Another problem occurred with subsequent print layers where the paper had dried out. This stopped the ink being taken up so well and was a particular problem with the text masks. Often the entire word would not be successfully printed. I tried re-pressing the print which resulted in smudged lettering, I tried adding more collage and reprinting but had to think of a way to make the ink fill the cut-out text. I then discovered a small water spray bottle, this was a revelation and saved me many times as long as I only partially lifted the print paper to check the result and replaced it exactly. I had one mishap with this where I over-sprayed the paper and it pulled the top layer of the print paper off. Using masks and chine colle took an enormous amount of patience and care, however, I am fairly pleased with the results of the best  prints.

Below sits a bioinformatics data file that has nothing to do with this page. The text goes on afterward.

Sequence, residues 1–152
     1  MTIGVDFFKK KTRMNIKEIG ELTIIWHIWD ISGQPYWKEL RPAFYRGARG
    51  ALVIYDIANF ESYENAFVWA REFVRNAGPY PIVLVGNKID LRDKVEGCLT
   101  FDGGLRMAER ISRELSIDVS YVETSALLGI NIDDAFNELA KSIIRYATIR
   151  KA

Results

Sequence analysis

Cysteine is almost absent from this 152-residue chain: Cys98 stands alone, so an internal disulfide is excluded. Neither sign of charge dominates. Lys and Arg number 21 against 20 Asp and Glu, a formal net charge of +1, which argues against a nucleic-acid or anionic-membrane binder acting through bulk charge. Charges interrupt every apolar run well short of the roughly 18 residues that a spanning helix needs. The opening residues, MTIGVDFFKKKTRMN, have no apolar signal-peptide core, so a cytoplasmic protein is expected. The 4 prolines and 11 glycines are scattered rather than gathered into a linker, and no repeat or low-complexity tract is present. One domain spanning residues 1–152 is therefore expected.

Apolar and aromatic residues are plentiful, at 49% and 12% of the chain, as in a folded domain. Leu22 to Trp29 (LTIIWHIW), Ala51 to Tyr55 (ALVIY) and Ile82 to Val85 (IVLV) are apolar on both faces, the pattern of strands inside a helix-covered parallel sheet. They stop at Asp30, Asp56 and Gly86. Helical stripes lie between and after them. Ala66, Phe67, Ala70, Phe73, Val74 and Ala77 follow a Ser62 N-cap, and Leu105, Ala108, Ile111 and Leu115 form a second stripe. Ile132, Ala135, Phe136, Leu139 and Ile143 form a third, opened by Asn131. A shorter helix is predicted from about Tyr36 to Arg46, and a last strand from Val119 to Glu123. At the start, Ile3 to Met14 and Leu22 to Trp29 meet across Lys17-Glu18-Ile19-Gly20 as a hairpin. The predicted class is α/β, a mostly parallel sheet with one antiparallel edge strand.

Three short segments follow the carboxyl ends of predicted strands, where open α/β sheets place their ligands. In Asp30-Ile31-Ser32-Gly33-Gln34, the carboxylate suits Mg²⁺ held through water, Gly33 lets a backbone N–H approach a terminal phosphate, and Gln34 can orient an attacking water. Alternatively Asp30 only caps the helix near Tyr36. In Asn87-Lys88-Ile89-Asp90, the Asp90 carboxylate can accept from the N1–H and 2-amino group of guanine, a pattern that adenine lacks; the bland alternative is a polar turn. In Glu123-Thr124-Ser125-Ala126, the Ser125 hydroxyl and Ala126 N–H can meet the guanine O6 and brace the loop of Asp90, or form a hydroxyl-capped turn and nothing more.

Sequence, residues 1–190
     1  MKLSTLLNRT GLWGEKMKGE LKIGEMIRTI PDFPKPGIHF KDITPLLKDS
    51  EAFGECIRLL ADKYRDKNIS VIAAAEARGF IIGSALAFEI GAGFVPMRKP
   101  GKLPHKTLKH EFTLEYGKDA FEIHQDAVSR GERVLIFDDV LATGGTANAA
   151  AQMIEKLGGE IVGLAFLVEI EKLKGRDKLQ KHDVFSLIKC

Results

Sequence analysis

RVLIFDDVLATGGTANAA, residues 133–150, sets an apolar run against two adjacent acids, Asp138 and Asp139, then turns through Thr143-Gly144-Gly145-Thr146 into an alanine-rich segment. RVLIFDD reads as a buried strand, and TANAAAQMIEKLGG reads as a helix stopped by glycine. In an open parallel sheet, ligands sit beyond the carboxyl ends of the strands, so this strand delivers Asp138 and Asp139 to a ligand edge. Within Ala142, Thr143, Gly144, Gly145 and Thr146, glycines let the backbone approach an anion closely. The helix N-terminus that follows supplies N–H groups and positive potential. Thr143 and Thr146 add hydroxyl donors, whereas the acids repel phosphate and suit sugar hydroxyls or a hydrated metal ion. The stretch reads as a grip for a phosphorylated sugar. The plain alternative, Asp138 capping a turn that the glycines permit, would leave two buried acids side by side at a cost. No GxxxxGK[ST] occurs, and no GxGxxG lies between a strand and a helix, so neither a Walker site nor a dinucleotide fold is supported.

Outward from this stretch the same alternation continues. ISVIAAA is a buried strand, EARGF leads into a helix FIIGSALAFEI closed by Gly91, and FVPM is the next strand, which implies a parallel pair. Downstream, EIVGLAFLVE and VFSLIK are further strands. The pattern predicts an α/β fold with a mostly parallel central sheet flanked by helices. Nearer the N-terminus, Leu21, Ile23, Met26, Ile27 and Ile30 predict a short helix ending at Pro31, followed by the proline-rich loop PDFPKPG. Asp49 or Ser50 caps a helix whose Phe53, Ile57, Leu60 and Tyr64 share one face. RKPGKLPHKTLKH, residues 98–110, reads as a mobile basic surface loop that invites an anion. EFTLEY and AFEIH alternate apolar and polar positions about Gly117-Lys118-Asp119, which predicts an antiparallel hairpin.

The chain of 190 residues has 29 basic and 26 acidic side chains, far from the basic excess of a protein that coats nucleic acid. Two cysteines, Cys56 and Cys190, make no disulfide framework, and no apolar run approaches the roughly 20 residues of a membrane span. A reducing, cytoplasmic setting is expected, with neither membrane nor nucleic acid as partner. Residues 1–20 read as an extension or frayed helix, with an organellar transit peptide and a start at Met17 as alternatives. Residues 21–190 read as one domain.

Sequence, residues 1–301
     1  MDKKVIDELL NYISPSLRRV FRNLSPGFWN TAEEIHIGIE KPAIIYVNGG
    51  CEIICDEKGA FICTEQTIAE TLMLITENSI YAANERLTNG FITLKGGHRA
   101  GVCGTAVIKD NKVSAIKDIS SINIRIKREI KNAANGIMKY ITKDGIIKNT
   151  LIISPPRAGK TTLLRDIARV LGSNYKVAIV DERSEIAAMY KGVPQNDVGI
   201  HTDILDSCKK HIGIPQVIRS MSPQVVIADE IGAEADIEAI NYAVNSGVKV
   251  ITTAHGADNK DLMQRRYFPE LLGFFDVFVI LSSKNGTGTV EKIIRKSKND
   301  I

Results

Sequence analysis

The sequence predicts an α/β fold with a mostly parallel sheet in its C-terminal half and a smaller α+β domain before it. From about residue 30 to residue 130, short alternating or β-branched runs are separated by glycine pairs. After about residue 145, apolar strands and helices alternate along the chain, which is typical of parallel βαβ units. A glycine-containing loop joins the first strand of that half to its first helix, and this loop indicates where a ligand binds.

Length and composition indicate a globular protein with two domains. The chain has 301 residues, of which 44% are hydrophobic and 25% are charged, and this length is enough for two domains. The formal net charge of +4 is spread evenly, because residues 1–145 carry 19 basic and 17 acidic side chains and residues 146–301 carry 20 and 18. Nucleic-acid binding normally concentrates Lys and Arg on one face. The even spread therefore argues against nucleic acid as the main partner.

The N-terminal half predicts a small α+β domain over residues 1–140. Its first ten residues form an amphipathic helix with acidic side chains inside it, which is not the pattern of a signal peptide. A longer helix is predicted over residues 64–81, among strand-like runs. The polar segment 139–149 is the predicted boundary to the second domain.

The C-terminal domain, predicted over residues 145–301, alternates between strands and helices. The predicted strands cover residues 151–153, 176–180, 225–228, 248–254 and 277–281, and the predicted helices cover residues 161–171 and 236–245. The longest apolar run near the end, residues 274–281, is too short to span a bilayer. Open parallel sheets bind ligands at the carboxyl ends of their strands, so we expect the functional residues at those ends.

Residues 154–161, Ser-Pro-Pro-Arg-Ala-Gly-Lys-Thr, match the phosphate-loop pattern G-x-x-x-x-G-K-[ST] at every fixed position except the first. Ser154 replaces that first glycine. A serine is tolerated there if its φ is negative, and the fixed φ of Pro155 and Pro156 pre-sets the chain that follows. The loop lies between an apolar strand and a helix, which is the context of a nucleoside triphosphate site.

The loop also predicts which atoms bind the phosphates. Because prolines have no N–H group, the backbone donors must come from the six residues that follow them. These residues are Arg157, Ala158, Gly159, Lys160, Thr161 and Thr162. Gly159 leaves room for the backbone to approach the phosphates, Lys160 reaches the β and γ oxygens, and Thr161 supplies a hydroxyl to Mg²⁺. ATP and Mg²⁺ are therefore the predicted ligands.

Regarding the “line” based prints, I decided to use collagraph blocks. For straight lines I used a combination of dried spaghetti and thread secured at each end with brass paper fasteners which allowed me to pull the thread tight and straight. For the balance print, the few small circles in the design were cut from thicker paper and stuck down.  As I have mentioned before, proper PVA glue is not available on the island so I use a respectable alternative called Alkyd Sellador. This is very similar, however, it does retain some tackiness, which again, caused a few issues with the collage. I had to ensure that the glue on the print paper side was stickier than the Sellador on the print block side. Often I had to carefully lift the print from the block and use a scalpel to prise the edges of the collage paper from the block, all without smudge the print! All in all, not withstanding the tacky print block, it was more successful to use the collagraph block than the mono print masks. I did return to masks for the text  though. I note that in my sketch book, I had considered using the back drawing/writing technique for the text, however, the text masks worked pretty well.